• chavez backpedalling: http://www.globovision.com/news.php?nid=209697

            Now the mission is 430 bs for mothers in extreme poverty, but the handicapped aren’t getting double, just 600. But also the 430 is just “a part” in cash for the immediate needs, the rest in bank credit so that the mothers can get themselves out of poverty. Perfect opportunity for oppo to pounce with UCT.

          • I have to agree with MN: you should consider going public with this stuff. A blog is a good starting point, and probably a book later. If Baduel published his “solution” or whatever, why can’t you give it a try with this idea? I think it can be a more compeling idea than his…

          • Truth be told, I still can wrap my head around the “dutch disease” stuff, so I do not know whether UCT/CCT will make things worse. That’s the reason I am not sure about this theory working in a petrostate. I guess I have to think a bit longer about it.
            On the other hand, I support the idea of CT, although I am not sure if there are like different POV about it besides the CCT vs. UCT thing. For example, should/will the state give 100% of its revenues to the people as CT, or only a fraction? In the second case, how large should the fraction be? Should the state take care of something besides defense and security? Should PDVSA stay under control of the state or should it be owned directly by the citizens? What about health and education?

          • A. Barreda,

            I won’t go into much detail regarding the first part, just keep in mind that comparable CCT programs that have been tried are having results, better than expected *and* better than alternatives.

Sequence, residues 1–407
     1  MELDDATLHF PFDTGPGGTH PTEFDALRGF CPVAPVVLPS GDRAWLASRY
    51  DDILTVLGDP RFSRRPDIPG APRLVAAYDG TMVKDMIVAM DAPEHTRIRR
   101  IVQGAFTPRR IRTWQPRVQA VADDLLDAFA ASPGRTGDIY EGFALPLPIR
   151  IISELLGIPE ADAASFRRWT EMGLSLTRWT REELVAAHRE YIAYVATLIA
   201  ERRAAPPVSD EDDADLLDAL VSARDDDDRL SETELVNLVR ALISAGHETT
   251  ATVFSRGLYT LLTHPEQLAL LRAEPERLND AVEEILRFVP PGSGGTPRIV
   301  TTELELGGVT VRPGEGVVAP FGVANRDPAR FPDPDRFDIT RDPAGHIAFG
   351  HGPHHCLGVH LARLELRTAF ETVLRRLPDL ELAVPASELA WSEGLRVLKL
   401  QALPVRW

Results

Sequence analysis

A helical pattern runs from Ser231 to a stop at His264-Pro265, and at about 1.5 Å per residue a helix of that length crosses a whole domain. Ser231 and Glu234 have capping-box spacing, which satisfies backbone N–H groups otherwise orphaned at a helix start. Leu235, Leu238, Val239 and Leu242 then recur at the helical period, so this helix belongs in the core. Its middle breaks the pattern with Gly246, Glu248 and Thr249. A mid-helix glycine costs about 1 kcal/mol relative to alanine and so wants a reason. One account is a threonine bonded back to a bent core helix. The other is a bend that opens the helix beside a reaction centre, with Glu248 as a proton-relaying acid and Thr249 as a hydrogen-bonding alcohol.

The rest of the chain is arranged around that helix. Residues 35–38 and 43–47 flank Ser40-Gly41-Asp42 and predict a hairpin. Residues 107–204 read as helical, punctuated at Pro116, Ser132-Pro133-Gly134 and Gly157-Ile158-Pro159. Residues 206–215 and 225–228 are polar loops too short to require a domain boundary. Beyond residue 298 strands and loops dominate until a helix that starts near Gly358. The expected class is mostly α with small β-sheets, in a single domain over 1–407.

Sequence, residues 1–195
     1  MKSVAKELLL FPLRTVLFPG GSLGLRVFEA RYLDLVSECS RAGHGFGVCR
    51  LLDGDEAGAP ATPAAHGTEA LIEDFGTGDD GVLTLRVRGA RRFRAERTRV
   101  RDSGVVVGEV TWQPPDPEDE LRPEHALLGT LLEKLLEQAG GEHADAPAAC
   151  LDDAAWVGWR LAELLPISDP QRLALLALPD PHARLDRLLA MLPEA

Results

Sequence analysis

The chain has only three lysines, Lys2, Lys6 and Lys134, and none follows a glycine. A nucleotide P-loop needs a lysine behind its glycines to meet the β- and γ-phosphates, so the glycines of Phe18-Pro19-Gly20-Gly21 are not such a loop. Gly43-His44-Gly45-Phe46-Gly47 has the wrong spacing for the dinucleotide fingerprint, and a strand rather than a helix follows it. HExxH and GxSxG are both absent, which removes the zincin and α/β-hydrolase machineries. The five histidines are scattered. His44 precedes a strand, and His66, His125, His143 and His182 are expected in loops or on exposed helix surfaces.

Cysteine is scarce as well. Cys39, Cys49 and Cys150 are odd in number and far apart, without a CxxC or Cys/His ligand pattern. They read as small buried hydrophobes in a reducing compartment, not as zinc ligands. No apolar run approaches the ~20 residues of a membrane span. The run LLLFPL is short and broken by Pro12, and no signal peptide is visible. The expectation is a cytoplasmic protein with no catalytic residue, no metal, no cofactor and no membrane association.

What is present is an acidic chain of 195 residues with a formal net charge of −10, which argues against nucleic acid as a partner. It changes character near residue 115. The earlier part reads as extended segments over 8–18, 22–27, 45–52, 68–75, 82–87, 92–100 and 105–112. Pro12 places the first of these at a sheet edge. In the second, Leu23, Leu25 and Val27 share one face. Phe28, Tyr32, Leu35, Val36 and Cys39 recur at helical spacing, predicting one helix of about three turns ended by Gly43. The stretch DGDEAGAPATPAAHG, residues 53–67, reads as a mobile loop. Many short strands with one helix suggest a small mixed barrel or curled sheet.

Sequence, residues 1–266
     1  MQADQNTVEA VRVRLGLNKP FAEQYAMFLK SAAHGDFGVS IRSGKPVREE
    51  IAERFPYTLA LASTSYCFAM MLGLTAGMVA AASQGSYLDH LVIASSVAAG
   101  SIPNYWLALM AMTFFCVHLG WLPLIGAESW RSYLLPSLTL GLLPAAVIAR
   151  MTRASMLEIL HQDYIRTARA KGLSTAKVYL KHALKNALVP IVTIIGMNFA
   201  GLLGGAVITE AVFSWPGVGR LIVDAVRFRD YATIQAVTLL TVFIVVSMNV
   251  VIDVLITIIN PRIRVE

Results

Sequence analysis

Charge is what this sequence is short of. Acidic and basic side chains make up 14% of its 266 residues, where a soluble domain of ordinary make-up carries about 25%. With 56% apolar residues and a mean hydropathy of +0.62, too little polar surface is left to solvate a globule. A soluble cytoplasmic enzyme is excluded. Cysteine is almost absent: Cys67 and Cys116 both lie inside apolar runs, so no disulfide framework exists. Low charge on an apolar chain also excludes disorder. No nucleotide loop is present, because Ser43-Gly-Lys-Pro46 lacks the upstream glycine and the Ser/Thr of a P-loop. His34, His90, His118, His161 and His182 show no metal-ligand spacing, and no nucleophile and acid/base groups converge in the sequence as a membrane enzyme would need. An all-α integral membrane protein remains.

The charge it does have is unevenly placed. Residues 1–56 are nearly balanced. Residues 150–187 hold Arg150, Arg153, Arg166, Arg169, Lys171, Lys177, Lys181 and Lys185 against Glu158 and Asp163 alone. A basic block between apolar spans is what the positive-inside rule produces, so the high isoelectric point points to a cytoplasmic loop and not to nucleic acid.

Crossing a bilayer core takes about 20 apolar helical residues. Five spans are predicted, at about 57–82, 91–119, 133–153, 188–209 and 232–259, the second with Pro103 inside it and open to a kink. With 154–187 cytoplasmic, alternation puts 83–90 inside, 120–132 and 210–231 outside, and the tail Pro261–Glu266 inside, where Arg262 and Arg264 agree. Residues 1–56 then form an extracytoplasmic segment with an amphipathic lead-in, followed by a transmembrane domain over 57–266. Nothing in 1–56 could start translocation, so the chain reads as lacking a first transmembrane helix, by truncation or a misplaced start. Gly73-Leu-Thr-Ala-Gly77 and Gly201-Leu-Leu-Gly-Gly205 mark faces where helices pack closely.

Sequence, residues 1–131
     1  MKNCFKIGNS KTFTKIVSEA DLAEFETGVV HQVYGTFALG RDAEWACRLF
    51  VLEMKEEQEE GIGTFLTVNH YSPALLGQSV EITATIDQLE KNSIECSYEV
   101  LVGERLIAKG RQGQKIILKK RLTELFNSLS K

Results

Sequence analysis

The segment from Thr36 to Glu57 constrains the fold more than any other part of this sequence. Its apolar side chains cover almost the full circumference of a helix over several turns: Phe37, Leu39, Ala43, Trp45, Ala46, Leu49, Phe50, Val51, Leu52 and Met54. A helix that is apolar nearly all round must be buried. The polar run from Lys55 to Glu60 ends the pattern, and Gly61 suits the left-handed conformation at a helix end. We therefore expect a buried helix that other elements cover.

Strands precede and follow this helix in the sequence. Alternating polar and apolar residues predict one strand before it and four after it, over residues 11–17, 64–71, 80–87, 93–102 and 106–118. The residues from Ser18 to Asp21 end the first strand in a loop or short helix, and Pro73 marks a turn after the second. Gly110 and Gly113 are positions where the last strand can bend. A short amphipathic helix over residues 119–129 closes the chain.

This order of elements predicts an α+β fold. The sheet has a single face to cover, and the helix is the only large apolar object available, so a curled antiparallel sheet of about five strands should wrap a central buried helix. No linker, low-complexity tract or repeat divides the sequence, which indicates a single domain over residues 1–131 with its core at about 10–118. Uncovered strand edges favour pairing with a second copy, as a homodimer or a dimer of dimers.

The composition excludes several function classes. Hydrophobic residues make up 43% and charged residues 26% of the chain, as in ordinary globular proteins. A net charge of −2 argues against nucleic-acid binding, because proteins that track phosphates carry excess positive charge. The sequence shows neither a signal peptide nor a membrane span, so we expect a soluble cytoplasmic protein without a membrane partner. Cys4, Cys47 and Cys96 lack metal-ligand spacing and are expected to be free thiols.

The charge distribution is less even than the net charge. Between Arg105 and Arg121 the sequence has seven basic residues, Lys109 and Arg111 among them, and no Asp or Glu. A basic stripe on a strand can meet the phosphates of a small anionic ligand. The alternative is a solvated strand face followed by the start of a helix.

There is a whole spectrum of POV around CCT and UCT. My position is at an extreme of the UCT spectrum, while Quico’s seems to be a cautious position on the CCT spectrum. I’ll answer your questions from my POV.

            I see the government as having two different categories of sources of income: A) sale and rent of natural resources, B) taxation. I think of A money as inheritance money. Even if the bank is concerned that a spoiled 21 yearold is going to misspend his inheritance, the bank still gets no say in whether to hand it over or not. Similarly, I don’t think the government, nor you, nor I, has any say in whether to give Venezuelans their share of natural resource income. So, from my POV, 100% of natural resource revenue has to be distributed, unconditionally to all Venezuelans, whether we like how they will spend it or not.

            Then there’s B money, taxation. It is obtained in a progressive manner, whereby the rich supply most of it and the poor hardly any. This money is to be used by the government to deal with all the nations problems, maintenance, and developments. If the government is in charge of health and education and infrastructure, taxation money is used to provide them and maintain them and improve them. If there is dutch disease, taxation money has to be used to address it.